Since then I’ve done a number of things and I love the energy industry. Glad I chose it. I’m excited to work in it. I think it’s relevant and meaningful to our communities, our customers, and to all of us. I try to get kids interested in it today. Every place I can, just to get folks excited. I make sure they don’t forget about where all this stuff comes from that makes the world go.

Happy to be here today and chat about all the changes among us. Thanks for having me.

 

Mush Khan: Thanks for being with us this morning. Let’s jump right in. So, the last two or three months have been interesting to say the least, for everyone. In the world, and for us in this industry.

Bob, tell us about what the last two, three months has been like for you and for Atlas Oil and the kinds of things that you’ve had to grapple with as a leader within your organization, and how you’ve been able to work your way through that as a team.

 

Bob Kenyon: Now, interestingly enough, if we had one thing that was going on over the last 90 days it would have been a little easier. But we were dealing with the COVID pandemic, we were dealing with oil market crash and the economic slowdown. And when you put those three things all together. It was like the perfect storm of trying to manage through a very challenging business environment.

To understand what the needs of the marketplace were what customer demand was going to be, what the needs of the business were going to be and really keep the team focused on delivering the quality of service and value that we’ve been known for since our company got founded in 1985.

And you know, I think the biggest challenge for me is that every day there was a different strategy that we would have to implement. You know, we’d start today, we’d understand all the variables, we’d build the puzzle and we’d go execute. And we thought we had it all figured out for the next several months and then tomorrow would come and we’d have to pivot again and change that strategy, whether it was around people, resources, terminal rationalization, supply dynamics, pricing, back office operations. It’s just been a constant change management on a daily basis that I think has really consumed our organization. And in a good way. In some good ways because it’s helped force some of the change that we were looking to make in our business model, whether that be like contactless delivery or implementing a digital salesforce versus a face to face salesforce, and a work from home policy that we kind of had loosely in the business. Now we’ve got very structured protocols. You know security risks for IT and things that had always been part of our business, but we’ve had to really amplify those as we’ve extended our reach into people’s homes and, you know, all that kind of stuff.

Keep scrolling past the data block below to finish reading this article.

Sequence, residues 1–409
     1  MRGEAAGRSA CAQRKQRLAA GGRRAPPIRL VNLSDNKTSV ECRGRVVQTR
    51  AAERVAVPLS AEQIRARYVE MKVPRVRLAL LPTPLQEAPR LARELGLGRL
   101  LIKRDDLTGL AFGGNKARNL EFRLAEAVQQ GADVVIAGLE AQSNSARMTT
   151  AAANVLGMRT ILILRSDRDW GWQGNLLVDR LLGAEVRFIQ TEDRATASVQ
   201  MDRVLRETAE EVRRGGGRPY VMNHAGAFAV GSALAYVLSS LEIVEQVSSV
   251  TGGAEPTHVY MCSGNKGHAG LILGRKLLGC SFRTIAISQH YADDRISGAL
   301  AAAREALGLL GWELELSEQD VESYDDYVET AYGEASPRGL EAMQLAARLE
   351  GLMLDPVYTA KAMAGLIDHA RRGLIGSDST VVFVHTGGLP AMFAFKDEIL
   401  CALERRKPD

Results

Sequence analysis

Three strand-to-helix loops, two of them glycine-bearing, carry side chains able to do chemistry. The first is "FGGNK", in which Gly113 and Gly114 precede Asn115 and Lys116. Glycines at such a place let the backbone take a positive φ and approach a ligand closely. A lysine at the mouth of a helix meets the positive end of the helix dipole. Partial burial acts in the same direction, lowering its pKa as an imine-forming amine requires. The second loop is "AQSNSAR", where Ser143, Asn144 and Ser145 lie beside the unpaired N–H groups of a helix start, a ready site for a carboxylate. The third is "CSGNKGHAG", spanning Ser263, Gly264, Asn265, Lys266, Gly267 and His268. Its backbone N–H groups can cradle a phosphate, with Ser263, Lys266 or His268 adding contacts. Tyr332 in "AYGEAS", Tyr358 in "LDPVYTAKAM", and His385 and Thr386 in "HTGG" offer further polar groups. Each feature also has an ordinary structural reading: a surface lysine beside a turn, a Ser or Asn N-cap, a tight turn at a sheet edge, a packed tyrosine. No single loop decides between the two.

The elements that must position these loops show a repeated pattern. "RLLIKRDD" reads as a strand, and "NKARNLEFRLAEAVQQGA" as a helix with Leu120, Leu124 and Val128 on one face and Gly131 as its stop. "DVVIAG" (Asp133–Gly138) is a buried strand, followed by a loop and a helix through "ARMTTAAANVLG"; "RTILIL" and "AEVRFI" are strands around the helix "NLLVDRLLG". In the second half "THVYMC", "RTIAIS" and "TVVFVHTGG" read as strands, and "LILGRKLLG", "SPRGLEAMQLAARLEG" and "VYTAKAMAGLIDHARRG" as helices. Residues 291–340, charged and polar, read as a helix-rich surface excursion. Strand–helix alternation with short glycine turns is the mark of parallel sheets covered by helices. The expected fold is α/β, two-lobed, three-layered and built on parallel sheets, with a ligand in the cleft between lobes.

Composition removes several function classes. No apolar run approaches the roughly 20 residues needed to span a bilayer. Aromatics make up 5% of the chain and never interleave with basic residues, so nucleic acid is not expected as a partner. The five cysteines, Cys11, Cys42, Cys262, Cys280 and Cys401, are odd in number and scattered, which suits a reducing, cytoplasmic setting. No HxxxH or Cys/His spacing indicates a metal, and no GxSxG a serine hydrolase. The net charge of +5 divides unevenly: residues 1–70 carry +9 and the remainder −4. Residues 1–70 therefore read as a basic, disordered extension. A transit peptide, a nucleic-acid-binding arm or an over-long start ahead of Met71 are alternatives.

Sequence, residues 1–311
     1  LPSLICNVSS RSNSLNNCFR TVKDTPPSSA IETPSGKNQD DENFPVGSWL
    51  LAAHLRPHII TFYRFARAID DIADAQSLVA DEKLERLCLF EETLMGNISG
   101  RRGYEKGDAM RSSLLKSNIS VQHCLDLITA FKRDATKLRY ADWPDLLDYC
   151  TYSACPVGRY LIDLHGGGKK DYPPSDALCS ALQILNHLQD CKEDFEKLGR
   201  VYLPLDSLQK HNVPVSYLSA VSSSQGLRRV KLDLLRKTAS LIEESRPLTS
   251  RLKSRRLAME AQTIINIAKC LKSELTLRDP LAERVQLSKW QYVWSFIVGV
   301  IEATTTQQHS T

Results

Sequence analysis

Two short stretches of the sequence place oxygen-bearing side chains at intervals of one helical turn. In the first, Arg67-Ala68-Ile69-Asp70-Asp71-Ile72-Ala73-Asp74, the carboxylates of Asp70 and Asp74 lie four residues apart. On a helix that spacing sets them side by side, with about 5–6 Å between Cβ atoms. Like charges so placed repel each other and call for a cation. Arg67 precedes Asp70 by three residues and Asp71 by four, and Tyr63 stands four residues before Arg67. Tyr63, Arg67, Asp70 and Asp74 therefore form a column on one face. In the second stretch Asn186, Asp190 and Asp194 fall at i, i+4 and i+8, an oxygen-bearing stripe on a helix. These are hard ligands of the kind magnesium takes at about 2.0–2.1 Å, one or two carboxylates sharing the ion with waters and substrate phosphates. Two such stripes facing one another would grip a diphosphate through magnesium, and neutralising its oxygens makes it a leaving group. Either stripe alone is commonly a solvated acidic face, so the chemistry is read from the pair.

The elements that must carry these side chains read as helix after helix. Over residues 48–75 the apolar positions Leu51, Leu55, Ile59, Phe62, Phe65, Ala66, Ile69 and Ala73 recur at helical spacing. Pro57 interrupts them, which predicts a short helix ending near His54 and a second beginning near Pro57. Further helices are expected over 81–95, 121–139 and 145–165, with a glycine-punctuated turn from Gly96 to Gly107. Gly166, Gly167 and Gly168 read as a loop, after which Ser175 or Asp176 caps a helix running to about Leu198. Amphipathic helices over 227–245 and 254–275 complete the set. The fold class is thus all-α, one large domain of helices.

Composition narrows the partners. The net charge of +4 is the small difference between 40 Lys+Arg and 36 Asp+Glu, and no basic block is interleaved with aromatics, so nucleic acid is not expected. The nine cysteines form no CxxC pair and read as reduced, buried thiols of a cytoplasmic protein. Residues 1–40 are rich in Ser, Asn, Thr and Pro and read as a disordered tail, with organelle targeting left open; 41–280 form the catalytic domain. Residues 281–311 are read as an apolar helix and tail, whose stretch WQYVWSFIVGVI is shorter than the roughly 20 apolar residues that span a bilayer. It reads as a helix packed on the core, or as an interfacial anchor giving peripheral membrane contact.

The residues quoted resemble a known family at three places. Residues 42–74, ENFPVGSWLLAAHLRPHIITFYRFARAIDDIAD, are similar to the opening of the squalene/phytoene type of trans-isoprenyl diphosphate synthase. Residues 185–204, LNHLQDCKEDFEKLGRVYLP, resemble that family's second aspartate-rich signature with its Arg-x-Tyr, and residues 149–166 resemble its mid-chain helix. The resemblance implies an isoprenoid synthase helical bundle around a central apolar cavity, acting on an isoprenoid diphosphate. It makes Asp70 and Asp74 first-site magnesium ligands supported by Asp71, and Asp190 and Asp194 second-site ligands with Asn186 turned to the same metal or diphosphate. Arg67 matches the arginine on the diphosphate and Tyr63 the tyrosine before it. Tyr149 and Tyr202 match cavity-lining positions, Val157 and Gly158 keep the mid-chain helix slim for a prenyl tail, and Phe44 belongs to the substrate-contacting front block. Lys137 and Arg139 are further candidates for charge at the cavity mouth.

So, the thing I would say is just the daily grind, the ever-changing landscape, and we’ve got a very diversified business, just like Doug does. In terms of, if we were in one line of business, it would have been a little easier. But had, you know, a downstream, midstream, and an upstream portfolio and 14 different divisions and all different types of customers and activity and trying to manage and how all those three things were going to impact.

Our landscape was it has been quite interesting, to say the least. I think I’ve got a few more gray hairs on my head, I’m pretty sure.

 

Mush Khan: Well, you’re still standing. And sometimes survival is the best measure of success. So, I know it’s been difficult for every company to navigate the way through.

Doug. How about you, tell us about the last couple of months for you and your organization and what your experience has been.

 

Doug Haugh: I’d say we mirror almost everything Bob said and, I think the areas around transportation and delivery and distribution. I think we’ve encountered many of the same challenges Bob mentioned, for us, we also directly operate a large number of C stores and that’s really been probably the most stressful part of the situation, right, because we have nearly 1000 employees, putting themselves out, effectively in harm’s way, every day to conduct business.

And not that our drivers don’t experience the same dangers. They’re out there as well, but we’ve done a lot of things to isolate the drivers in many ways, like Bob mentioned, contactless delivery. They are obviously out working hard, but they’re not interacting with hundreds or thousands of customers every day through the store. Our core focus has been in terms of trying to make sure that we keep everyone safe, that we keep our stores safe, and ultimately through that keep the customer safe. And it’s really been a daily learning process that we went through.